Sandpiper’s impact on hake under microscopeBy: ADAM HARTMAN
THE Sandpiper marine phosphate project off the coast of Walvis Bay will not harm hake fisheries, but could displace hake and result in fisheries having to adjust their fishing operations. This is part of a report by a ‘fisheries specialist’ appointed by Namibian Marine Phosphate (NMP) to investigate the impacts Sandpiper could have on the fishing industry.
To justify the findings, the specialist concluded that the overall significance was considered to be “negative and medium to low”, primarily because the area to be mined (60 square kilometres for a 20-year lifespan) is a “small fraction” of Namibia’s overall fishing grounds.
“Within the Mining Lease Area (MLA) the historical catch of hake is about one percent of total hake trawl effort, and that in the actual area to be mined initially, very little trawling has ever taken place. What this means is that small amounts of hake fishing have been reported in the MLA but very little inside the actual areas proposed to be mined,” the specialist stated.
The specialist further stated that mining at the specific sites is expected to affect hake “but due to their mobility” hake will “most likely avoid” the mined area. This will result in displacement of hake into adjacent areas, hence mortality is “unlikely”.
“It is expected that based on recent historical catch and effort data in the MLA, about five percent of hake trawl catch will be indirectly affected. However, this does not imply that this proportion of catch will be lost but that the fishery in this area will in some way have to adjust normal fishing operations,” the specialist explained.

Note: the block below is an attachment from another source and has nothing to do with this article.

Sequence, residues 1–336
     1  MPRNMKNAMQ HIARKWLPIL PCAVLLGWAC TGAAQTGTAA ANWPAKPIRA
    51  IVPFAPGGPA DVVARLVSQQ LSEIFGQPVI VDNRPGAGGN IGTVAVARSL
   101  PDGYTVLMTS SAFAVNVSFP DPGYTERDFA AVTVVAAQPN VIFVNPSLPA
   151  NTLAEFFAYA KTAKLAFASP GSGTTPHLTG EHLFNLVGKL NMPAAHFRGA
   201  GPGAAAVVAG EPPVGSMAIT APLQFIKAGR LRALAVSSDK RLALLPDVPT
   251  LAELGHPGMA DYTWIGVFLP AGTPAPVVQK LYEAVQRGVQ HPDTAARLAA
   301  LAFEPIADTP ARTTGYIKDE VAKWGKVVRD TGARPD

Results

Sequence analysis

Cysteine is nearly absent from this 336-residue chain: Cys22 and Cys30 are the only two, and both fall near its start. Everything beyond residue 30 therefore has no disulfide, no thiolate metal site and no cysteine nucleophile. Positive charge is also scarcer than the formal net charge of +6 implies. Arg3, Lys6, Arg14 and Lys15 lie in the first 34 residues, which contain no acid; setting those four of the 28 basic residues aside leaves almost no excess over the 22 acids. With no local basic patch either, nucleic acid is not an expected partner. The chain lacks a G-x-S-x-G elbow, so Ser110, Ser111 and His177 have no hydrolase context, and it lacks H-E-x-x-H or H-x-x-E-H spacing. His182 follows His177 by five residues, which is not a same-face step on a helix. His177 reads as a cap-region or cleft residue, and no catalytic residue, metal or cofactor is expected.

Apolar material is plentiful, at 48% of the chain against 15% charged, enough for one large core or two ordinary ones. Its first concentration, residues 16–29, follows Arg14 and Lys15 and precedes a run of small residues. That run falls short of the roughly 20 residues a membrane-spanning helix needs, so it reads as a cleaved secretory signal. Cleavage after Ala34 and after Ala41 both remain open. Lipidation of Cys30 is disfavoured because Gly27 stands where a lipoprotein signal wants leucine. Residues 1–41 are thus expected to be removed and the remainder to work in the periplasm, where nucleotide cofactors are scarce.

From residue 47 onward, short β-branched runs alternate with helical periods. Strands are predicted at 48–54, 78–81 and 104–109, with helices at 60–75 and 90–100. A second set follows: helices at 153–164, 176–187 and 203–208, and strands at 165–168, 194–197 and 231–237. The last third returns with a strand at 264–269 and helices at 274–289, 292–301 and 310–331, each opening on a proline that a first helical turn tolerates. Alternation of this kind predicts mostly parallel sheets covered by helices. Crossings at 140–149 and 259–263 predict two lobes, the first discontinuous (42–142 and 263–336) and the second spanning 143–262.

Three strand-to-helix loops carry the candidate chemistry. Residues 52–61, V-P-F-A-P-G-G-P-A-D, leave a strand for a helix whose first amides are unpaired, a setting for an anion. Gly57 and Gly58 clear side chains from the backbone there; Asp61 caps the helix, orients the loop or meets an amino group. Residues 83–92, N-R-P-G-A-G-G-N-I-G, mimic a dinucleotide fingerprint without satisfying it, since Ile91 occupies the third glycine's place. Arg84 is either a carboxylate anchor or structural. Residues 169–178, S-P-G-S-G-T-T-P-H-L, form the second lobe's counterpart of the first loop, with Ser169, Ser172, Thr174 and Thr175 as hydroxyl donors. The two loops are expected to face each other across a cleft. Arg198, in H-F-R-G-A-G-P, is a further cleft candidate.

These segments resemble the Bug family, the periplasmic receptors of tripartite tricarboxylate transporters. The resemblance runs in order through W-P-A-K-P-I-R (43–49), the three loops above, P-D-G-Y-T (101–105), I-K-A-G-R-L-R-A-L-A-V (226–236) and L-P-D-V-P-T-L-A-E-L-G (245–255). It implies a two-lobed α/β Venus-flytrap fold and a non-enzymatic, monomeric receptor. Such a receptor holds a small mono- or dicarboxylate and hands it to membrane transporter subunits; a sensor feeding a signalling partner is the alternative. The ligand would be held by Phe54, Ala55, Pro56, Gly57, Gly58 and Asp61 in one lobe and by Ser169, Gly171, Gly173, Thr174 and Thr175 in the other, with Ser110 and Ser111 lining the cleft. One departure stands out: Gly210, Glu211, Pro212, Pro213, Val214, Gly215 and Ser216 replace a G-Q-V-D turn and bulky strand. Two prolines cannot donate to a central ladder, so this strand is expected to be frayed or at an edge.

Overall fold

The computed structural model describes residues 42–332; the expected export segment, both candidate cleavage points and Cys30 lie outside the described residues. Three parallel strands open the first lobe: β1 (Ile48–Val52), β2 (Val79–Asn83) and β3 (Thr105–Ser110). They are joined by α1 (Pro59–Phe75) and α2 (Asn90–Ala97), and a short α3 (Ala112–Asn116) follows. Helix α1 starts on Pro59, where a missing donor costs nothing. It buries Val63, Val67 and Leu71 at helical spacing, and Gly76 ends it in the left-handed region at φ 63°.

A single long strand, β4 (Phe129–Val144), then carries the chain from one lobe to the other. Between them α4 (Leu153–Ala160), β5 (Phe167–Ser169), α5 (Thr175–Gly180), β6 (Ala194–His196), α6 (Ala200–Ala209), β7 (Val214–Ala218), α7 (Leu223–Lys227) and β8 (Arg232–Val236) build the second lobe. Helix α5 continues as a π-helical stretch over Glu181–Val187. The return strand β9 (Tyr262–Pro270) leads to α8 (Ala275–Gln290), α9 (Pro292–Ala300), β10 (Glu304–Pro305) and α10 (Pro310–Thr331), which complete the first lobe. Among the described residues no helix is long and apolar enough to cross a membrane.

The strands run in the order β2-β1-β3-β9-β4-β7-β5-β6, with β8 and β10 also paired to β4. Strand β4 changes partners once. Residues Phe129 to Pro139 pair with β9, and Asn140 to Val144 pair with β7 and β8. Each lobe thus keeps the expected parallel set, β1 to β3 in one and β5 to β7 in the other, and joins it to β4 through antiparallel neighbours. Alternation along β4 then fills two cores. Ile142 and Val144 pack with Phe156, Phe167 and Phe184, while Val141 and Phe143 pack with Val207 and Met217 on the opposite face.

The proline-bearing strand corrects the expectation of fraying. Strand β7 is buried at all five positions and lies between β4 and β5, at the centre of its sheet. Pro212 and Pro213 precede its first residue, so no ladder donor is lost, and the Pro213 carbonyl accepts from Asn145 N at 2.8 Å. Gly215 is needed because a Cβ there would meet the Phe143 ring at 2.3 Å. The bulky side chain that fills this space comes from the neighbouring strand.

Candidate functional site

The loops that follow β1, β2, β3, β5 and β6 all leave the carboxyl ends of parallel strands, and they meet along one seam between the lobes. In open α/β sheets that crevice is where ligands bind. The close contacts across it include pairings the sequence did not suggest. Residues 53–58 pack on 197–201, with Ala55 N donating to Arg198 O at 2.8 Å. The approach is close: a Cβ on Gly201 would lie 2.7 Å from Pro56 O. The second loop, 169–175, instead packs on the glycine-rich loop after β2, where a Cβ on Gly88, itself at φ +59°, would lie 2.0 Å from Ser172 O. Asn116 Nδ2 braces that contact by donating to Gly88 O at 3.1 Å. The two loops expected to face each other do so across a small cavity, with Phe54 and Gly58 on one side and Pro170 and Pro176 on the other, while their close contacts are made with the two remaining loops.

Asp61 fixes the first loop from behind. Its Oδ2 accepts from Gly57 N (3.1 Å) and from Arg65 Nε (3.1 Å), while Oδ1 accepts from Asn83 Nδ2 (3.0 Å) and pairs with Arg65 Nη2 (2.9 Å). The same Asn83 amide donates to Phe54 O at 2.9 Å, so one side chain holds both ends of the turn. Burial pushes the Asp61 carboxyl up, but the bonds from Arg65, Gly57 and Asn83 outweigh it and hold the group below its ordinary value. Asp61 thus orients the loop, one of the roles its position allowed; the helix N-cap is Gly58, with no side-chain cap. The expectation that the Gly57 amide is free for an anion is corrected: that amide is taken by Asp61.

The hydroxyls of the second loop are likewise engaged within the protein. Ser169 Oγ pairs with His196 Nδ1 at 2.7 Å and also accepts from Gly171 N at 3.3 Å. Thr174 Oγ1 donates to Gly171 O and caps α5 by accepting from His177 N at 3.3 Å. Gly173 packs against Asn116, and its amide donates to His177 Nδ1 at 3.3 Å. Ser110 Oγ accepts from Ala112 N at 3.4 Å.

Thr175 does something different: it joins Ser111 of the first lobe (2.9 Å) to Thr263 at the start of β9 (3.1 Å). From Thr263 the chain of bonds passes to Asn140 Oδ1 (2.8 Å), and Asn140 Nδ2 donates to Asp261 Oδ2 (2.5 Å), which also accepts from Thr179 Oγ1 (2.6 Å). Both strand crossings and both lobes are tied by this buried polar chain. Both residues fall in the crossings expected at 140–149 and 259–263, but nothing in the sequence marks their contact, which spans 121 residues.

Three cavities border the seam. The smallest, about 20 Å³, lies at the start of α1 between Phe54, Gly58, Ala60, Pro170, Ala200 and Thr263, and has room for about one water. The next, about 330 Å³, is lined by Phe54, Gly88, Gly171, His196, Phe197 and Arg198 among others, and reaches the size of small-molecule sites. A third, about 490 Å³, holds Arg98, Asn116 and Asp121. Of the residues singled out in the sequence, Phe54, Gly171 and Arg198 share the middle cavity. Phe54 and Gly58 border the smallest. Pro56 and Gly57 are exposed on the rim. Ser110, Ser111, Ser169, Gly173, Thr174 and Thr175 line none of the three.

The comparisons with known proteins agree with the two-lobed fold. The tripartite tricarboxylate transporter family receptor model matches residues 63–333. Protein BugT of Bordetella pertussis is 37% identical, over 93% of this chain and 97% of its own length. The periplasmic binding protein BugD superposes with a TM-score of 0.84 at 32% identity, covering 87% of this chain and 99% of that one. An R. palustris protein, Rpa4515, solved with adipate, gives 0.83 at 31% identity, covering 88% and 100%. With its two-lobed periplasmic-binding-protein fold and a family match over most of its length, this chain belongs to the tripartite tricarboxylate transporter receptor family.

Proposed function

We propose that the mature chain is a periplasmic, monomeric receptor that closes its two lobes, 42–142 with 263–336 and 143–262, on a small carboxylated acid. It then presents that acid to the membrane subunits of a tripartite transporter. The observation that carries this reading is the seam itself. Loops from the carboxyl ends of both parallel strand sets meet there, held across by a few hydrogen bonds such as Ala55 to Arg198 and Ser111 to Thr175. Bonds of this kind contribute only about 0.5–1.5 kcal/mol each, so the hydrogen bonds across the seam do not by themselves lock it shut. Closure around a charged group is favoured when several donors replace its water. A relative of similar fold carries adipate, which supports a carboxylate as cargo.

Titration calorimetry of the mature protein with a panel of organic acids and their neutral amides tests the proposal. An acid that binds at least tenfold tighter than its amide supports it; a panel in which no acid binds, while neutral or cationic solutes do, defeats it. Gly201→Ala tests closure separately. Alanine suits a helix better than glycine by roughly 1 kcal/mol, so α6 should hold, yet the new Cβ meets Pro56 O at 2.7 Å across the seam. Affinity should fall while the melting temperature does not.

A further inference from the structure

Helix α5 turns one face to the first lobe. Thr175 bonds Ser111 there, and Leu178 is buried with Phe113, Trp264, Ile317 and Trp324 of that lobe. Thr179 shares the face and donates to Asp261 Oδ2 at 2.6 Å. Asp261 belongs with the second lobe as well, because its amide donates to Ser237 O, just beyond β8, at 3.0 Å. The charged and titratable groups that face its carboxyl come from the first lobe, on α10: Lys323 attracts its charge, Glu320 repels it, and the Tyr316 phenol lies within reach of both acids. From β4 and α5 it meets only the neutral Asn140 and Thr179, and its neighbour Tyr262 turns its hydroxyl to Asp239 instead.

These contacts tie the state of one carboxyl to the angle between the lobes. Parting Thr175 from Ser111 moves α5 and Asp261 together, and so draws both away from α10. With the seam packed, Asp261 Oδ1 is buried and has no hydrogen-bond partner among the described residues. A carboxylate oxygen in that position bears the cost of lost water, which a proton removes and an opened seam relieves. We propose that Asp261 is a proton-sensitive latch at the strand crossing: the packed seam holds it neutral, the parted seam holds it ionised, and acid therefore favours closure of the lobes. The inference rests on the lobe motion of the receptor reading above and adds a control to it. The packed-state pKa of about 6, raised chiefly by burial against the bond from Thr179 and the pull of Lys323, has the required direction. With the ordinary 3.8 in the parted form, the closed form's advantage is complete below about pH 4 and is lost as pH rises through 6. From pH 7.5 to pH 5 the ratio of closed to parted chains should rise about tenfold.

Juvenile hake, which recruit in shallow water and then migrate deeper as they age, “are expected to be displaced from the dredging area, but their mobility should limit the likelihood of mortality”.
Taking this and the other components of the EIA into consideration, the company is of the view that “its activities can coexist with the commercial fishing industry”.
“There will still be a fishing industry long after NMP has finished dredging. There is no intention on our part to destroy the industry. Besides it would not make sense for us to destroy the industry. Our studies indicate that the negative impact on percentage terms will be between 0 and 0,5 percent over a 20-year period,” explained NMP Project General Manager, David Wellbeloved.
There are however serious concerns from a broad spectrum of Namibians and stakeholders regarding the impact of the project. The hake industry, which employs the majority of those in the fishing industry, believes that the project could severely affect fisheries, and even the Minister of Fisheries and Resources, Bernhard Esau, said during World Oceans Day earlier this year that there were still many “unknowns” and that in-depth studies had to be conducted to ensure the sustainability of the project with other important Namibian sectors.
Swakopmund Matters (SM), a local environmental lobby group, last week congratulated Australians on forcing the Australian government to prohibit a super foreign trawler in Australian waters until science and consultation could demonstrate it would not damage Australia’s marine life and fisheries.
Sandpiper by Namibian Marine Phosphate is a joint venture between Australian companies Minemakers Limited and UCL Resources Limited, and Namibia’s Tungeni Investments.
“Australians were justifiably and extremely concerned about a foreign company wanting to operate in their seas. We Namibians are likewise just as much concerned about foreign companies wanting to operate in Namibian seas. Thus, if Australians do not want foreign activity in their seas, Namibians equally want no foreign activity in their seas. Australians want to protect theirs. Namibians want to protect theirs,” an open letter by SM to the Australian people read.